Letterbox Library stocks children’s books that challenge stereotypes, books that they are passionate about. They know their stock intimately. However, all books sold must be positively reviewed by at least two people – this ensures that representation is nuanced and sneaky little biases are picked up. The shop has withstood east London gentrification, the obliteration of early years budgets by local authorities (diversity commitments often disappear with funding cuts) and behemoth internet stores.

Letterbox Library loudly champion equality and social justice in their co-organisation of the Little Rebel Awards with Housmans bookshop. They have supported me from Orangeboy days and restore my faith when the world feels increasingly hostile to so many communities.

At least a hundred bookshops

Robin Ince, author of The Importance of Being Interested, couldn’t pick

My favourite bookshop is usually the bookshop that I am in. Having visited so many, I find it hard to narrow it down. I like the big open bright ones and I like the small, teetering dark ones that offer secret and forgotten books in the corners. I like them to be a near a nice tea and cake shop and I like to have tea and cake as I look at my latest purchases. I like any bookshop where their love of books is almost overwhelming and their desire to lure you to their latest favourite is irrepressible. I like the delight shared as we talk back and forth of books that have been and books that are yet to come.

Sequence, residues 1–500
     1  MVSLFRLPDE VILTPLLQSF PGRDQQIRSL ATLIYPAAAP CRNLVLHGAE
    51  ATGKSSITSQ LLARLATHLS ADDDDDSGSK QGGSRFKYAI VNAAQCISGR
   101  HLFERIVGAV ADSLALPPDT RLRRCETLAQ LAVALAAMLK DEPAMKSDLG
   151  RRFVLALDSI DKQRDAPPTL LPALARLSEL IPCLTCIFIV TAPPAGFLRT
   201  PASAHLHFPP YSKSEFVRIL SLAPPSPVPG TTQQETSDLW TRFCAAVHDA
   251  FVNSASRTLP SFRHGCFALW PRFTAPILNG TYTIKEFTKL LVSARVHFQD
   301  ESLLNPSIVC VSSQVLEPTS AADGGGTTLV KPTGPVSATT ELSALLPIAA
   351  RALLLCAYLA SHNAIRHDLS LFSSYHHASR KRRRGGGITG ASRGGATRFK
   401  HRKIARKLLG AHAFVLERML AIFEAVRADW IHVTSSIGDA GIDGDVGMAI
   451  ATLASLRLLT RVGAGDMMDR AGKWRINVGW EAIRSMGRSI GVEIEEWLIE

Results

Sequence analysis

I love to see the shelves decorated with written notes from those who work in them explaining why I must read this book by Elizabeth Bowen or that book by Angela Davis. I like to leave with books I did not know existed when I crossed the threshold. I like knowing I must return because I have left something behind. The reason I am not going to give you an answer of a single independent bookshop is that this has been my experience in at least one hundred of them, if not more. If I name names that I will be filled with regret for the names unnamed. Orwell wrote of the perfect pub, The Moon Under the Water, the one that didn’t actually exist, my problem is that the perfect bookshop does exist and there are many of them.

Read more from Robin Ince (frequently including bookshops) here.

Even more bookshops to enjoy

Picked by The Big Issue team

Barter Books
Photo by Victuallers

Barter Books

Alnwick, Northumberland